A Demon-Suppressing Charm

David Leffman Uncategorized 1 Comment

Here’s a rubbing offering protection against demons taken from a stone tablet in the Chunyang temple at Taiyuan (太原純陽宮), the capital of Shanxi province.

Peony pattern at the top, grass pattern around the sides, talisman in centre and fine text – hard to see here – either side.

Chunyang temple was possibly founded during the thirteenth century, though some sources date it to the Wanli reign (1572–1620). Laid out with nine halls and five stone-flagged courtyards, there are gnarled old trees, arched gateways built from heavy stone blocks and low-roofed buildings with blue tiles and flared eaves; the whole place radiates age and calm solidity. It’s dedicated to the semi-mythical Daoist Lü Dongbin, whose dumpy, life-sized statue, grimed from centuries of incense smoke, sits placidly inside the Lü Ancestral Hall (呂祖廟), surrounded by replica frescoes illustrating his life (the originals are in the Yongle Gong at Longquan village near Ruicheng town).

Iron lion guarding the entrance to Chunyang temple

According to legend Lü Dongbin was born in the late eighth century, and for a while served as a minor official. One day he dozed off while cooking some yellow millet and dreamed that he rose to great rank and riches, married well and had children before his jealous colleagues undermined his position and had him dismissed. Lü’s wife abandoned him, his children were killed and he died penniless in the gutter.

Waking with a start after living eighteen years in the dream, Lü found that the millet was only just cooked. Taking this as a warning about the transitory nature of life, he began studying Daoism with Zhongli Quan and along with him became one of the Eight Immortals of popular Chinese religion. Lü is usually depicted as a handsome bearded scholar – he enjoys a reputation as a ladies’ man – holding a fly-whisk or palm leaf in one hand and with a sword slung over his back.

Painting of Lü Dongbin in the Philadelphia Museum of Art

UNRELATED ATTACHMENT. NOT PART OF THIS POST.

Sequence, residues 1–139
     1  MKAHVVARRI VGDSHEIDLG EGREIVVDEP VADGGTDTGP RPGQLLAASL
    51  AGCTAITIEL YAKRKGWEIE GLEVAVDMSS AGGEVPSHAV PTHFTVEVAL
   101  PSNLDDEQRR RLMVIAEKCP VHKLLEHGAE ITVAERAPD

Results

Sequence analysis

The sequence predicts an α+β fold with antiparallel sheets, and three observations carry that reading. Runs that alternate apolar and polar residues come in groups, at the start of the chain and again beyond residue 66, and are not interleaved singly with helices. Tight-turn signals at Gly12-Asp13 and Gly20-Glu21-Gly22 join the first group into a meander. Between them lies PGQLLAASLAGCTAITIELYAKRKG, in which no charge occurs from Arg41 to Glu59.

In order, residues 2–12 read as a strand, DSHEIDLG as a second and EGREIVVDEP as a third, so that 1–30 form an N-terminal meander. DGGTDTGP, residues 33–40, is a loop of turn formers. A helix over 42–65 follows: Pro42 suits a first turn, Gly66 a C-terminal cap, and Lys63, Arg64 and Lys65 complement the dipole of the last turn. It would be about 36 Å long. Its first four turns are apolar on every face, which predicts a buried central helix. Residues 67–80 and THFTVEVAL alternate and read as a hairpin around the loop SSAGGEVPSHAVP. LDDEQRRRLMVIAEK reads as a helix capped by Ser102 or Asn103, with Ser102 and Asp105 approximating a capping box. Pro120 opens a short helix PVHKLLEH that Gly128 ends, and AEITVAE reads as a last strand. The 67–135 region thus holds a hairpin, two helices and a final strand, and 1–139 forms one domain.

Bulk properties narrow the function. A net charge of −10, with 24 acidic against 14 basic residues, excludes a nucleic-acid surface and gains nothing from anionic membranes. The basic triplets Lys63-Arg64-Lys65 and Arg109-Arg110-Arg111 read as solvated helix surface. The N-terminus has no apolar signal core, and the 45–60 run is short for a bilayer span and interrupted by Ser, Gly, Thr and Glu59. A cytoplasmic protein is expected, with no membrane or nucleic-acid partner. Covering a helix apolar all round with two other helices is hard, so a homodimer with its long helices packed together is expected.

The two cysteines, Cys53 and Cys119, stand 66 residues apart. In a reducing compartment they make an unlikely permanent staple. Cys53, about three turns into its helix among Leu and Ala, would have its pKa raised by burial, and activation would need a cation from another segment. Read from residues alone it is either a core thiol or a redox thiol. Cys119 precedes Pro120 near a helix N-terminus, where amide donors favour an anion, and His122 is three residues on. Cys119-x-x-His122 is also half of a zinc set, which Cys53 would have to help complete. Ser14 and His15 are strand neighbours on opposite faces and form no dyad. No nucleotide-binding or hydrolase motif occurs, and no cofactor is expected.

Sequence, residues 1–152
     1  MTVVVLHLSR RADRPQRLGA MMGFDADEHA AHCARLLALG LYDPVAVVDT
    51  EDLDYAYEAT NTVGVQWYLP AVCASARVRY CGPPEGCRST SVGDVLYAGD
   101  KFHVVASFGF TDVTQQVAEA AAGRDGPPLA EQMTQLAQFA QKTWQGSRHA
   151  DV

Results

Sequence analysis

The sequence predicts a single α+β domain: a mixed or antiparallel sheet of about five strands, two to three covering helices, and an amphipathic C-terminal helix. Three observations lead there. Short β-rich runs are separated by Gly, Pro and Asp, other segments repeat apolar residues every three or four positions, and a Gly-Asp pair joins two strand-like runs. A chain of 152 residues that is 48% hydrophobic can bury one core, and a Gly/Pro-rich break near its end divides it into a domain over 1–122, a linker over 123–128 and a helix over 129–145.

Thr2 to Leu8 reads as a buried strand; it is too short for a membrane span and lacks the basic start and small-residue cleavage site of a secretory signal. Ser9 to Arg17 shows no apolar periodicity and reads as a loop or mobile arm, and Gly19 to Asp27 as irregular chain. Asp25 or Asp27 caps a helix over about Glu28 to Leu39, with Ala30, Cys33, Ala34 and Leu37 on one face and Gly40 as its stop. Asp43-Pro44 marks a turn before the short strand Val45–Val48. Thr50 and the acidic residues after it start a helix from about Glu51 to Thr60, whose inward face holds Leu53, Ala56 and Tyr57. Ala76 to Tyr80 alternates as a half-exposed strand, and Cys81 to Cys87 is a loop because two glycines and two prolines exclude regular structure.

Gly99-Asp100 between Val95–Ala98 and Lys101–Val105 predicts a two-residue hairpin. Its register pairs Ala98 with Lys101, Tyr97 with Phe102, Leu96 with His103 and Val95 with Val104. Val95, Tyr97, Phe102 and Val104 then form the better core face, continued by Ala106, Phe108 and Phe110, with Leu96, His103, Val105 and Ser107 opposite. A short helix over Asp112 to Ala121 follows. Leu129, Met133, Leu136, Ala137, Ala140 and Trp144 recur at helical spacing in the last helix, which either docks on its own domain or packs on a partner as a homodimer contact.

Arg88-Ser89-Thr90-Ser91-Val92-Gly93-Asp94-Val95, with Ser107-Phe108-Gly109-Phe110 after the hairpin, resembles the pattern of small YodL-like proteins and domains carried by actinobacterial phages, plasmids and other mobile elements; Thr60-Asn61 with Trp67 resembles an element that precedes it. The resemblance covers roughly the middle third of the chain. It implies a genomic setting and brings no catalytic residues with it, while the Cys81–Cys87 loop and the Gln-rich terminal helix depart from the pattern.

As a Daoist Immortal, Lü has immense power over demons, which brings us back to the temple’s stone tablet. Shaped like a headstone and over a metre tall, the centre of the tablet is engraved with indecipherable talismanic script, flanked by vertical columns of explanatory text in regular Chinese characters.

The text begins by explaining that “evil” and “good” are products of the human mind: people who think virtuous thoughts create a peaceful world, while those that have evil thoughts are the cause of malignant ghosts and demons. Having seen countless numbers of people harmed by evil spirits, the writer has created this talisman in the name of Lü Dongbin:

The tablet subdues what is hidden under the temple. I sincerely hope that everyone will take a rubbing and make pious offerings to it, so that it can pacify the home, drive away evil spirits, slay monsters and deflect plague demons. It will also benefit your dependents, protect your family and bring them good fortune. However, if the faithful say something even slightly blasphemous, they will suffer disaster. Tell all of my colleagues to beware of this.

The engraving is dated using the sixty-year calendar cycle to an “auspicious day of the Lotus month, Bingwu year of the Guangxu reign”, or some time during the sixth lunar month of 1886. It was written by Tang Shengwu and Fan Errong, under the direction of Tian Shoushan.

The original stone tablet. 126.5cm tall, apparently

These rubbings are made by laying damp, heavily-quilted paper on the tablet and using a wooden mallet to tamp the paper down into every carved crevice. A ball of cloth containing powdered ink is then tapped all over the paper, which darkens the surface but leaves the sunken areas uncoloured. All this tamping and tapping embosses the paper, easiest to see from the back.

Thick quilted rubbing paper embossed by the tamping/tapping process

Rubbings are usually made in black ink on white paper, but this one has used gold-coloured ink on black. Unfortunately, either the paper wasn’t tamped down into the stone thoroughly, or the ink was applied too thickly for the finest bits of engraving, but the explanatory text is hard to make out.

Thick ink making the finer-carved characters difficult to read

The tablet subdues what is hidden under the temple” recalls the beginnings of the sixteenth-century novel The Water Margin, about a band of heroic outlaws taking on the corrupt and crumbling Song dynasty. An arrogant magistrate removes a similar tablet from inside a temple, releasing the 108 Heavenly Spirits imprisoned beneath to become reincarnated as the bandits.

Removing a demon-suppressing tablet and letting the spirits escape – illustration from a Ming copy of the Water Margin

I wonder what is lurking beneath the Chunyang temple…

Many thanks to Jarek

The tablet’s text

书符缘启盖闻主人身者心也心所藏者神也. 心神正则正神佑之心神邪则邪神扰之. 是知神之邪正实因人心之邪正以阴为感召也. 然当此妖邪为虐厉鬼混行之际而恻隐为怀者不得不为之虑也. 余遍观斯世每见因邪魔而受其害 者枚举甚难爰奉纯阳祖师命书符.

勒石以镇之藏之宮下切愿人人锤印虔诚供养自能镇宅驱邪斩妖伏怪退厉鬼避瘟神. 益眷保家大吉大利也. 然此恃为敬信者言之稍存亵渎其必受殃. 告诸同人慎之切切.  


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